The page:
FAO forecasts developed countries, including those with economies in transition, to increase their black tea consumption more moderately than developing countries, at about 2.2 percent annually to 719,000 tonnes in 2005. Consumption in the European Community is projected to increase only slightly in the next decade since higher purchases by France, Germany, Italy and the Netherlands would be largely counterbalanced by the continuing decline in the United Kingdom that began in 1961. In the countries of the former USSR, black tea consumption is projected to increase from 154,000 tonnes in 1993-95 to 250,000 tonnes in 2005, equivalent to an annual growth rate of 4.5 percent, FAO said.

Demand for high-quality packaged tea in the Commonwealth of Independent States (CIS) and the Baltic States "is likely to continue to expand, with demand for packaged tea continuing to exceed the capacity of tea packaging by domestic plants," according to an FAO report prepared for the Ottawa tea meeting. Indications are that the CIS and the Baltic States "will continue to be very important in as far as demand for high quality teas is concerned, and will also represent the markets with the greatest potential for growth, providing they regain positive economic growth relatively quickly."

The FAO projections indicate that by 2005, world black tea production and consumption could almost be in balance at 2.7 million tonnes, representing a growth rate of 2.8 percent for each. Production gains are expected to come largely from higher yields, while the rise in consumption would largely be due to population and income growth. The projections suggest an imbalance in the international market, with a surplus of export availabilities over import requirements reaching 24,000 tonnes by 2005 from an almost balanced market in 1993-95. According to FAO, "This possible imbalance implies that world market prices would be under downward pressure."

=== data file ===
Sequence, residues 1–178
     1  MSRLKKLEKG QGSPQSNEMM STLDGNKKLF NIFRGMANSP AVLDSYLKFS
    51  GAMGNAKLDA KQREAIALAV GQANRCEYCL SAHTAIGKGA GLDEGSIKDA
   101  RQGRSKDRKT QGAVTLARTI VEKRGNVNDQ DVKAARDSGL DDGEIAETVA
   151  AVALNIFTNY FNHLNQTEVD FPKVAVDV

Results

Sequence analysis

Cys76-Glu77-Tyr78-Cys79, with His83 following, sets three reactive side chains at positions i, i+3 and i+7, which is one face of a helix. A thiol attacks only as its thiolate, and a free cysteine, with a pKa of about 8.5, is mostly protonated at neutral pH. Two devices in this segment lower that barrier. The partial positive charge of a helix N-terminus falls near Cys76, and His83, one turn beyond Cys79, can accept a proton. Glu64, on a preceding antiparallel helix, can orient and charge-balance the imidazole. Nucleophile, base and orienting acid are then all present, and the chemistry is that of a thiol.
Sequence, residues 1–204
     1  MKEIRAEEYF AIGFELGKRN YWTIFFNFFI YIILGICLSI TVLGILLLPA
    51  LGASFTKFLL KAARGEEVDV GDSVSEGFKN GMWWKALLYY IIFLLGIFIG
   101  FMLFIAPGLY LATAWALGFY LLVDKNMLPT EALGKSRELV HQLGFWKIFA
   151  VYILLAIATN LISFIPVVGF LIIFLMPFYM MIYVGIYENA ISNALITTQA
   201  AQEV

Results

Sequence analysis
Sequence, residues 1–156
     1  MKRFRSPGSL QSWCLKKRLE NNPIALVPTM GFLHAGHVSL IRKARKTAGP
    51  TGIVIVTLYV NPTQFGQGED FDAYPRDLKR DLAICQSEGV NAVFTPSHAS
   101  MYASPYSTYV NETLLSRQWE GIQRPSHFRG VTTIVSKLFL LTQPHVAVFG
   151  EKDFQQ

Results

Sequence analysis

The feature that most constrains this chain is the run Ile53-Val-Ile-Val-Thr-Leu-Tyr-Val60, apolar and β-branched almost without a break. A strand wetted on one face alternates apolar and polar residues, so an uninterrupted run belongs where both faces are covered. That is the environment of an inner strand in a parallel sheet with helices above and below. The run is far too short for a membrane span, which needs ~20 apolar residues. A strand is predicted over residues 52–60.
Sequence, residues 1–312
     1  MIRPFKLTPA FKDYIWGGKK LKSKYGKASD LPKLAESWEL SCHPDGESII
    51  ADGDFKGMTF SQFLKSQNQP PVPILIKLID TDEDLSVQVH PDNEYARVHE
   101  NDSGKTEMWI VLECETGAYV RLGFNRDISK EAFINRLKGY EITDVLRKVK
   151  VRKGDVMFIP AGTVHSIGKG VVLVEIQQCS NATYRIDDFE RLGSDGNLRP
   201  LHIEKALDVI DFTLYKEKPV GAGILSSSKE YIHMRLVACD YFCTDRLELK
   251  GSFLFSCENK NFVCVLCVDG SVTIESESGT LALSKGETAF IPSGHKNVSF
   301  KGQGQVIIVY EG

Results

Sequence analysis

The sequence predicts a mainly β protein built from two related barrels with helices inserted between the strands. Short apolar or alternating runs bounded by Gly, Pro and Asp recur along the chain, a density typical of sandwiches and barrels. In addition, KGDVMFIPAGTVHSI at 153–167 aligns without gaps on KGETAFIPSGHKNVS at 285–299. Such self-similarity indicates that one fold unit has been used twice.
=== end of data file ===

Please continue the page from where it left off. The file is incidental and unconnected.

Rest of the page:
Among ways to narrow the trade deficit and improve prices, the most obvious, according to the FAO report, is to expand consumption through promotion. Over the last few years, the IGG on Tea has made major efforts to create awareness of the health benefits of tea drinking and additional scientific medical studies on the benefits of tea will be presented at this 13th Session of the IGG. The project on tea and health, implemented for the Group by the United Kingdom Tea Council, will end in December 1999 and the Group is expected to decide at this session how to continue the promotional activity.

Also on the agenda, further discussion on the FAO Tea Mark as a promotional tool and a guarantee of quality. Still to be decided is the minimum black tea content necessary to use the Tea Mark. Many producer nations would like to see black tea content set at 90 percent, while some consumer nations would prefer a content level of 70 percent because of the widespread consumption of bottled tea in those countries.

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For further information the documents for the 13th Session of the Intergovernmental Group on Tea can be found on the FAO Web Site at the following address: http://www.fao.org/unfao/bodies/ccp/tea/99/default.htm

Or, you may contact Media Officer John Riddle at:
Tel.: (39) 06 5705-3259
Fax: (39) 06 5705-3699
e-mail: john.riddle@fao.org